Greg Vanney is enjoying total control of the Galaxy’s transfer window. With the future of the club at stake, his handling of Billy Sharp’s departure has many questioning his player management skills.
LOS ANGELES – Professional sports and job security are antonymous, even in the best of cases. After a career of club-legend treatment at Sheffield United, Billy Sharp recently shared his experiences with the darker side of the transfer market. His comments on the No Tippy Tappy Podcast detailed how his last interactions with Galaxy manager Greg Vanney left much to be desired.
Sharp sat down with Big Sam Allardyce and Natalie Pike to talk about Sheffield, his future, and most interestingly for Galaxy fans, an hour-long conversation about the LA Galaxy’s plans for himself. This meeting would have been an important one for the player given his recent experience leaving Sheffield United, where the front office gave him multiple assurances of his continuity before pulling the rug from under his feet at the last moment.
Eager to avoid further destabilizing his family, Sharp came into Vanney’s office in Carson seeking clarity and honesty. Vanney entered the office that morning ready to confirm Sharp’s aspiration of continuing with the Galaxy into 2024. Sharp reports that Vanney told him he wanted Sharp as part of the team for the next 12 months, with the only caveat being that he would play less as a result of the incoming DP striker.
While it was likely comforting for him to hear at the time, Sharp took the news cautiously.
“Look,” he said, “if it is a no, tell me because I’ve been led down the line a few months before this, and I’ve got the family, I just want to get them sorted.” Sharp claims the manager reassured him that his and his family’s future would be in LA at least until this time next year.
Following the seemingly positive interaction, Sharp would take Vanney’s word for face value and moved his family over to California. Unfortunately, their residency in the Golden State would be brief. Sharp’s agent soon received a phone call from someone not called Greg Vanney informing them that the club decided not to extend his contract for the next year after all.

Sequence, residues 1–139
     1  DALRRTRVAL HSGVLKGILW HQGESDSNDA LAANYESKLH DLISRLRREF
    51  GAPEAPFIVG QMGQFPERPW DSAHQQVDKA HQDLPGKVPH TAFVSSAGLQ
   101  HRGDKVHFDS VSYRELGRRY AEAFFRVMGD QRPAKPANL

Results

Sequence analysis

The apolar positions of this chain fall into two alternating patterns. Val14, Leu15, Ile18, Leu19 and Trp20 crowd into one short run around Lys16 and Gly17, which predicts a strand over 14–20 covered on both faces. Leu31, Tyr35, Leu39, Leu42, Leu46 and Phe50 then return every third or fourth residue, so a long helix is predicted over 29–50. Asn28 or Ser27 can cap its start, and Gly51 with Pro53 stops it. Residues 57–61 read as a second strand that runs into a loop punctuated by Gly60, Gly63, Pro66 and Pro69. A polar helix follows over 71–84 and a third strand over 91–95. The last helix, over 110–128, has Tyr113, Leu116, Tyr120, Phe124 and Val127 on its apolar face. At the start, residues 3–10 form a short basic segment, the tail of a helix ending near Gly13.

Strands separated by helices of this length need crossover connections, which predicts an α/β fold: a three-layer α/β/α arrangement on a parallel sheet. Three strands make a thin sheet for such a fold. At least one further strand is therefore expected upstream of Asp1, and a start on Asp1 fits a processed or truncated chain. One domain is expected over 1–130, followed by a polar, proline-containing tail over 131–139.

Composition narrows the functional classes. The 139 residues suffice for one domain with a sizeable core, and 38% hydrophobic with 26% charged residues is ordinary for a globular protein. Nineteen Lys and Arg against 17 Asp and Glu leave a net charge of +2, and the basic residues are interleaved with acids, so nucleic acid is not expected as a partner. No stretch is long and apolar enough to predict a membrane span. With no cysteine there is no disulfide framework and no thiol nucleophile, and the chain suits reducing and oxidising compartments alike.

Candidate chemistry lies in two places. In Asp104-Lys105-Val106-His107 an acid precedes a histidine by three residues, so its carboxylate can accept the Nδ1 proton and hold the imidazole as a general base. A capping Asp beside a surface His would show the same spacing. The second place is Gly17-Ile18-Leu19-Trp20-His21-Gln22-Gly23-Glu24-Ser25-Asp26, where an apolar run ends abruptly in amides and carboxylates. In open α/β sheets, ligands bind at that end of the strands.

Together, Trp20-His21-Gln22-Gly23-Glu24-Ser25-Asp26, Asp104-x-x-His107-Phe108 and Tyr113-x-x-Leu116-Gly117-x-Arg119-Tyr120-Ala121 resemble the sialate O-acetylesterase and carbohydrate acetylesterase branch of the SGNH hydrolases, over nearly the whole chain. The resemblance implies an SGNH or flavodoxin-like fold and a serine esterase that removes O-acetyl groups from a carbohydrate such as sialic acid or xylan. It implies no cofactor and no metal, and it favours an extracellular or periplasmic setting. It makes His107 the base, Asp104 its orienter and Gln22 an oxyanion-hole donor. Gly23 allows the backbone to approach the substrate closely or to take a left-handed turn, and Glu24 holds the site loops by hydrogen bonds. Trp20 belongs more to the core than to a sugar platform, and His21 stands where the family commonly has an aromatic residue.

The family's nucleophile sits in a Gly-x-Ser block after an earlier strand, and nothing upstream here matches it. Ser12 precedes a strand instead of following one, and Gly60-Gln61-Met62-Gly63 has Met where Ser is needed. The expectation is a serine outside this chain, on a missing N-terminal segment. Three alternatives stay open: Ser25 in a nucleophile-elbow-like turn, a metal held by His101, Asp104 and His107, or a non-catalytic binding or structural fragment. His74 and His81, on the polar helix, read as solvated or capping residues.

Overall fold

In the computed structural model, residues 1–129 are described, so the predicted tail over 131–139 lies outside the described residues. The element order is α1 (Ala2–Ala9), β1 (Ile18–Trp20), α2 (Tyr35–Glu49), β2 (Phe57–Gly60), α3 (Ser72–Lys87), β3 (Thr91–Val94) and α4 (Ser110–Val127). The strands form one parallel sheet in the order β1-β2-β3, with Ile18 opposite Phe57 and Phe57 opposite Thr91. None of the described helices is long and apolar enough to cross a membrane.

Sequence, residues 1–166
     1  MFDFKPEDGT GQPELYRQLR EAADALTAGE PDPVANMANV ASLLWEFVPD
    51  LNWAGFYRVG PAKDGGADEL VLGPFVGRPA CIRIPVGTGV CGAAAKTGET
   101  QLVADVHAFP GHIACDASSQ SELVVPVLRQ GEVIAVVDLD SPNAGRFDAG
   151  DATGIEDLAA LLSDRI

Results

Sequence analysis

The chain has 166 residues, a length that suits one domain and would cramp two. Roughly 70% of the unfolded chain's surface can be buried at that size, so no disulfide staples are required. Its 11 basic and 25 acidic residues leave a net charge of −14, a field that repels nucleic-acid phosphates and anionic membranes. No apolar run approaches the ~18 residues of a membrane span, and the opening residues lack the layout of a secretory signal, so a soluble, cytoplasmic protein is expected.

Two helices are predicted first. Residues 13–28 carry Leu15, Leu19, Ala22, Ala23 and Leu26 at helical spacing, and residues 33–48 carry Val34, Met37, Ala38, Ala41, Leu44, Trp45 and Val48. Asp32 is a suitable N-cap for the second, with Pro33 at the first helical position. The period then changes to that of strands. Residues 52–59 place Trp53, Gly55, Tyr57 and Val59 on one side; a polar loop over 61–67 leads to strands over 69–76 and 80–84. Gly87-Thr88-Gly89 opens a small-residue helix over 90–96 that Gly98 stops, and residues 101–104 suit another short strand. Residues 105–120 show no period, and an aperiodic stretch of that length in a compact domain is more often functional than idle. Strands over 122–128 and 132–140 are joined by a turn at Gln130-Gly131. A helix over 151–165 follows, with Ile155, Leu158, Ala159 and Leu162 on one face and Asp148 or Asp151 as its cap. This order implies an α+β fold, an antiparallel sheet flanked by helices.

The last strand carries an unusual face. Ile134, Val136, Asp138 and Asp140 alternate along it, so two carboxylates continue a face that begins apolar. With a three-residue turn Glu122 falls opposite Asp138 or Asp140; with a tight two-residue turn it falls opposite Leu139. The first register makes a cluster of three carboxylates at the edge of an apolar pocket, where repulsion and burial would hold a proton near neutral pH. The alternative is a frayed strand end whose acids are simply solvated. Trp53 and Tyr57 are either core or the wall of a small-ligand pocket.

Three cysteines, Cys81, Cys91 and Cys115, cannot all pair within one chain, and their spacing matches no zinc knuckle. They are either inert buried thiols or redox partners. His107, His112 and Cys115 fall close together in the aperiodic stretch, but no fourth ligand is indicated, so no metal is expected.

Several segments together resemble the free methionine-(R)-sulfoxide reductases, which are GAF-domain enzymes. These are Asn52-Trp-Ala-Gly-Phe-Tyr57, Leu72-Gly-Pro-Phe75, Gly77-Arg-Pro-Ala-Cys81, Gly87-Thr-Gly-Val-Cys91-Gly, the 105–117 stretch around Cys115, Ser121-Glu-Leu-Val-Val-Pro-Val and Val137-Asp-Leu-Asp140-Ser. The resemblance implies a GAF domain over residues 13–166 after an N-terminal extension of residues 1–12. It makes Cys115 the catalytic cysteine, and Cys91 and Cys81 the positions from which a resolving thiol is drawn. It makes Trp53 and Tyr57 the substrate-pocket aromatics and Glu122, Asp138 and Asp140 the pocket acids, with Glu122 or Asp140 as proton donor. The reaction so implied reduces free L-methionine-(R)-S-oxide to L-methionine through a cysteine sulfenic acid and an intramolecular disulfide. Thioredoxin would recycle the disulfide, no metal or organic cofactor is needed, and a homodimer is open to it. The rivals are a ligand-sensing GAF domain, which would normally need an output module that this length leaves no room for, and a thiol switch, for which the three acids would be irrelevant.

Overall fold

The unfortunate reality of the situation is that Sharp’s trust in Vanney was misguided. Despite Vanney supposedly being solely responsible for roster decisions, he wasn’t able to (or decided not to) share an accurate picture of the Galaxy’s intentions with Sharp. What’s more, Vanney was also unable to give Sharp or his team the news himself.
Vanney comes off as either unwilling to share his plan or unaware of what the plan is. Considering he is the man entirely in charge of executing the Galaxy’s vision for the future, the former is far more likely. This confirms suspicions that Greg Vanney doesn’t concern himself with the player management of players that he will no longer be managing.
Taking a step back from the emotions of this situation, Sharp’s story is ridiculously common in professional sports. Contracts like Billy Sharp’s are ALL OVER the MLS. An impressive number of players are on option years, meaning that their club is in total control of their futures. This leads to plenty of scenarios like the ones in this thread, where ex-players share some of their experiences (look out for AJ De La Garza’s comment and Herculez Gomez’s story that takes place 30,000 feet in the air). Cases like these are intrinsic of professional sports; every athlete is well aware of the risks they accept when signing on the dotted line.